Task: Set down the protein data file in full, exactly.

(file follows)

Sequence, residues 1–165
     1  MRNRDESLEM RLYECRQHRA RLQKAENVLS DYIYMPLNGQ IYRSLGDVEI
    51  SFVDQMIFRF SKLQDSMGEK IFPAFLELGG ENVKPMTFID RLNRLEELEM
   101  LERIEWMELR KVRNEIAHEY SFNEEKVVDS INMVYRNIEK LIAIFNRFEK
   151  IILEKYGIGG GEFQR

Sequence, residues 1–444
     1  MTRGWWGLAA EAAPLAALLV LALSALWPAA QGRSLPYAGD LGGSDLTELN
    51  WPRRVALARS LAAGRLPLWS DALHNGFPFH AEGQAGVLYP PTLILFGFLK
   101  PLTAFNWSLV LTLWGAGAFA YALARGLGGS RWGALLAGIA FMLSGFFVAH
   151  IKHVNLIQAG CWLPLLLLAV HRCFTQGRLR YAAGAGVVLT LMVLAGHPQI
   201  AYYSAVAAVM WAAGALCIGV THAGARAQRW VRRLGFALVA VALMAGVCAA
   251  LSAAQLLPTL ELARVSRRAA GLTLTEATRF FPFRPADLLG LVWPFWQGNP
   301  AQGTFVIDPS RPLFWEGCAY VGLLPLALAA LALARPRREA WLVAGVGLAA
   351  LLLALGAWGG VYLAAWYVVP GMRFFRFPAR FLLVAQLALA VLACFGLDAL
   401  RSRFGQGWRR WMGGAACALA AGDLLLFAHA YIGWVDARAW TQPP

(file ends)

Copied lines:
Sequence, residues 1–165
     1  MRNRDESLEM RLYECRQHRA RLQKAENVLS DYIYMPLNGQ IYRSLGDVEI
    51  SFVDQMIFRF SKLQDSMGEK IFPAFLELGG ENVKPMTFID RLNRLEELEM
   101  LERIEWMELR KVRNEIAHEY SFNEEKVVDS INMVYRNIEK LIAIFNRFEK
   151  IILEKYGIGG GEFQR

Sequence, residues 1–444
     1  MTRGWWGLAA EAAPLAALLV LALSALWPAA QGRSLPYAGD LGGSDLTELN
    51  WPRRVALARS LAAGRLPLWS DALHNGFPFH AEGQAGVLYP PTLILFGFLK
   101  PLTAFNWSLV LTLWGAGAFA YALARGLGGS RWGALLAGIA FMLSGFFVAH
   151  IKHVNLIQAG CWLPLLLLAV HRCFTQGRLR YAAGAGVVLT LMVLAGHPQI
   201  AYYSAVAAVM WAAGALCIGV THAGARAQRW VRRLGFALVA VALMAGVCAA
   251  LSAAQLLPTL ELARVSRRAA GLTLTEATRF FPFRPADLLG LVWPFWQGNP
   301  AQGTFVIDPS RPLFWEGCAY VGLLPLALAA LALARPRREA WLVAGVGLAA
   351  LLLALGAWGG VYLAAWYVVP GMRFFRFPAR FLLVAQLALA VLACFGLDAL
   401  RSRFGQGWRR WMGGAACALA AGDLLLFAHA YIGWVDARAW TQPP